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on Buying a Camera
decide what type of photography you are
planning to pursue. A studio photographer's
needs are different from a natural
photographer. An amateur photographer may
only need an inexpensive point and shoot
camera whereas a professional may spend a
great deal of money on high end SLR Digital
or Film Camera to match his or her needs.
With the advent of Smart (Cell) phones a new
wrinkle has been added, do I want to buy a
"traditional" camera or should I just use my
phone? Seeing the statistics today I think
many are opting out for the Smart Phones,
the choice is up to you.
Questions to ask:
How much do I want to
What do I want to do with the
What extra features do I want the
camera to have?
Do I want a digital or
Do I want a Point and Shoot
or SLR camera? Do I want to just buy a
Cell Phone and just use it?
Do I want to take classes?
Camera prices vary from model to model and
store to store. If you are just going to
shoot occasional pictures of your children,
a cheap point and shoot or cell phone will fit your needs.
If you want to shoot more varied pictures,
then a high end point and shoot or a low end
SLR will probably fit your needs. If you are
creative I would advise you invest in a high
end SLR, lenses, flash and a tripod. Many of
a camera is bought or given as a gift which
is too complex for the user and ends up on a
closet shelf after many frustrating attempts
at shooting! Match your needs with the
camera. If you buy or get a high end camera,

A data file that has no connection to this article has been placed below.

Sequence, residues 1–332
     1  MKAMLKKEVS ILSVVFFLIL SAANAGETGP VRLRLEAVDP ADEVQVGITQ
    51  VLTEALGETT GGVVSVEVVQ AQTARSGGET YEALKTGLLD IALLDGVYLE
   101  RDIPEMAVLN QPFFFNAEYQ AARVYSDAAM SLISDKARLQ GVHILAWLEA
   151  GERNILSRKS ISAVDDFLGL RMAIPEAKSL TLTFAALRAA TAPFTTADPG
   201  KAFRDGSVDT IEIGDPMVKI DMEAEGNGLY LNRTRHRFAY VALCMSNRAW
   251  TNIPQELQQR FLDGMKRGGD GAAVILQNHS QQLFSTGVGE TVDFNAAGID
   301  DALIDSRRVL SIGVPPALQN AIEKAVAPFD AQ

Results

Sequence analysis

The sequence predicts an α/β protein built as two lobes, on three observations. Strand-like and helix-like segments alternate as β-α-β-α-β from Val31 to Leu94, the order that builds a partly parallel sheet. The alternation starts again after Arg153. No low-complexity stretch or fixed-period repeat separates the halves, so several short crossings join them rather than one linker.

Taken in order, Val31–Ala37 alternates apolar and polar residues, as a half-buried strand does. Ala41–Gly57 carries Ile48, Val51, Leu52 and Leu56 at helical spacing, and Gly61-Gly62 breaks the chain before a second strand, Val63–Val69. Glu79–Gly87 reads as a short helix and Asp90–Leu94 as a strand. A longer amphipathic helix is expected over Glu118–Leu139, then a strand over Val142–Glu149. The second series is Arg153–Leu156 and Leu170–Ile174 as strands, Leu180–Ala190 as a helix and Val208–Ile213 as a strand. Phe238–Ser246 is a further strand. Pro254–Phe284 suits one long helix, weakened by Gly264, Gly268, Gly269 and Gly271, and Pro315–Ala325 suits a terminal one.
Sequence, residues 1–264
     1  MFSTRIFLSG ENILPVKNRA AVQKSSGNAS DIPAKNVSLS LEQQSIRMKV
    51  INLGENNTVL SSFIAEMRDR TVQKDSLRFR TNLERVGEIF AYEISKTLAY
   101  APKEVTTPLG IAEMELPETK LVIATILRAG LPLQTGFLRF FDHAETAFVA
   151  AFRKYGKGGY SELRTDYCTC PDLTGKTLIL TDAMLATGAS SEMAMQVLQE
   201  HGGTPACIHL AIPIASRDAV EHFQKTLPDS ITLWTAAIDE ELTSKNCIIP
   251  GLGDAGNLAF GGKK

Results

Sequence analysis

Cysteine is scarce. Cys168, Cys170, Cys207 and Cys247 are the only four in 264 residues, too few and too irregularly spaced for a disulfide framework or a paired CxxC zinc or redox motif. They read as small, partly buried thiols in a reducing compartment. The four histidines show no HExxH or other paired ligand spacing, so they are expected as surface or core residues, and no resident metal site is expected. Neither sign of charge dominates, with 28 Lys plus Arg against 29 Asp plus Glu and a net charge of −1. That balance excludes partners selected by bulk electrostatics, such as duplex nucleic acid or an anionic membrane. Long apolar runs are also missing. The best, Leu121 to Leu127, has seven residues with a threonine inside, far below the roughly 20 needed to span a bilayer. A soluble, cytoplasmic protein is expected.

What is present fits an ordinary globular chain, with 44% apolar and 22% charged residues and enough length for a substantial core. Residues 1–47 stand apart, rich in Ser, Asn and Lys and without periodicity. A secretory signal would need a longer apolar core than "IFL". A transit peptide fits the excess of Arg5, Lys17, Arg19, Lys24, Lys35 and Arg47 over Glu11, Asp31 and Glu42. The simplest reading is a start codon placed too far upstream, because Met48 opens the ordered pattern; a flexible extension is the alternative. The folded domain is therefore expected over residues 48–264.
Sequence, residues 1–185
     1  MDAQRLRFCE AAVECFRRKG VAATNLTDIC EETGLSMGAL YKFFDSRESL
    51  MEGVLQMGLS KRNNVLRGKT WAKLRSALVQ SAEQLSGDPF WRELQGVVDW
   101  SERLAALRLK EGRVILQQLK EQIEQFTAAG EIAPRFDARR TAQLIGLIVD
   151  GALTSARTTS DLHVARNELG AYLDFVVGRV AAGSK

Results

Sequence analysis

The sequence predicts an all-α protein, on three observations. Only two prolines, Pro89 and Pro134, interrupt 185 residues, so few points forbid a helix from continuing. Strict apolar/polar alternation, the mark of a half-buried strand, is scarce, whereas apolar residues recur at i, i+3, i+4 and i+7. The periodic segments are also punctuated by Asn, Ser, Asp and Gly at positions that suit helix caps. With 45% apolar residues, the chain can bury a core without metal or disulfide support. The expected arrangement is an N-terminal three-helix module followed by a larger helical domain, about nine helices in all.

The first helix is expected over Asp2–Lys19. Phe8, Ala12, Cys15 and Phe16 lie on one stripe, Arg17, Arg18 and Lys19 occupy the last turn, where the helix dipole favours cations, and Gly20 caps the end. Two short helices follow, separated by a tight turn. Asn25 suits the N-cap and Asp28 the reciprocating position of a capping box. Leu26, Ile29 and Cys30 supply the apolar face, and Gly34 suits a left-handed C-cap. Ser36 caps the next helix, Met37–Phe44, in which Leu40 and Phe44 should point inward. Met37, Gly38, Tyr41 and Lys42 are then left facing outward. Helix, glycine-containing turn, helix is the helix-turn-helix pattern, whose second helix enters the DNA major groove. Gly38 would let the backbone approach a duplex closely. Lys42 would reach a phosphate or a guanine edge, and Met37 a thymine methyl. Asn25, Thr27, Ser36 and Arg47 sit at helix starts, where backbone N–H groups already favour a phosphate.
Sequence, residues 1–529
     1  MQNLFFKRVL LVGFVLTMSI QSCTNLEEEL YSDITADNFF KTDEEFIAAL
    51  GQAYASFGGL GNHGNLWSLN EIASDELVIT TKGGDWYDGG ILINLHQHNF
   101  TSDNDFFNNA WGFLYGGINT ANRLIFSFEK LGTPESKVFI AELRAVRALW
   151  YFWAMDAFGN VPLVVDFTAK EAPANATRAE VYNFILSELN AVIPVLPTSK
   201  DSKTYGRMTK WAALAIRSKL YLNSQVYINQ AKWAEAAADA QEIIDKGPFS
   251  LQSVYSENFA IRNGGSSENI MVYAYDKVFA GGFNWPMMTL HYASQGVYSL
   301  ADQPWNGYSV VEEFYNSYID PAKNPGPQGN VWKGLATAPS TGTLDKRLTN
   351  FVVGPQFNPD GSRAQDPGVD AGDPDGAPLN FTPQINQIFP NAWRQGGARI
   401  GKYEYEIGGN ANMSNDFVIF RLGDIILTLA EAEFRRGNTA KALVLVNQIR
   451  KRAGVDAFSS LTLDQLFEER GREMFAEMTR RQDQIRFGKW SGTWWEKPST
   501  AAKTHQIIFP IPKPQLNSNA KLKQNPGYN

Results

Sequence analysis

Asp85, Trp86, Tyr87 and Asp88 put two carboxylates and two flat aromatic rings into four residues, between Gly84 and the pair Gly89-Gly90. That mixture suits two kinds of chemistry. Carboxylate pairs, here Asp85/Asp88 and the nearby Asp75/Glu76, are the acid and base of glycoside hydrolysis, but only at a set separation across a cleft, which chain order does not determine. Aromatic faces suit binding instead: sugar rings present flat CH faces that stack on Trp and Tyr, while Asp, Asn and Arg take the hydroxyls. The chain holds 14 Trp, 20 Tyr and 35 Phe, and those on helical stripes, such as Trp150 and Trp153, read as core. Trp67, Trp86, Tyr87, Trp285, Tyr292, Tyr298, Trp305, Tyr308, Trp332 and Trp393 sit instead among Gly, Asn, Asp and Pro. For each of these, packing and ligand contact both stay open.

take a class in photography. You will find
your investment in time and money will be
worth the effort.
cameras can be used for different purposes.
A point and shoot or cell phone can take simple snap
shots, while a mid range camera can shoot
good general pictures. An SLR has a wide
range of features that can shoot anything
from the simple snap shot to a glorious
landscape, portrait, or wildlife picture.
Remember what you want to shoot, how you
want to shoot and how much time you want to
spend should determine your camera use.
Today's cameras have a wide range of extra
features that can enhance your pictures. You
can buy a simple throw away camera that has
no controls, a medium range camera with
limited features or a professional SLR
camera with a wide range of features. What
you want the camera to do is very important
in making this decision. If you are just
going to shoot some quick snap shots of your
kids then a throw away might be what you
want. If you want to take high quality
pictures move to either the midlevel or
professional SLR cameras. The quality of
your work will improve as you move up the
level of your camera.
or Film Camera?
Today's market offers two forms of
the digital and film. Film cameras come in
slide, 35mm and 120mm formats whereas
digital cameras use flash cards that come in
a variety of forms. Film cameras images are
saved on either positive slide film or
negative strips. Digital cameras save images
electronically on flash cards. Digital
cameras have greatly improved their ability
to produce outstanding pictures to a point
some experts predict that the film camera
may go the way of the Beta VHS, the 8 track
tape and the floppy disk!
Are Classes Necessary?
If you want
to understand how to use the camera properly
then yes I would recommend a class. Keep in
mind that if you have a low end camera, then
a class might not be for you. You will find
that a class will usually cover topics that
don't apply to your camera. If you have an
SLR, then I would highly recommend a class.
Contact your local college or community
school and see if they have photography
classes. One question that has recently been
asked concerns the Online Classes now being
offered by many schools. I myself prefer
classes that involve a live teacher who can
answer questions and provide more hands on
instruction! Your way of learning should
determine the format of your class.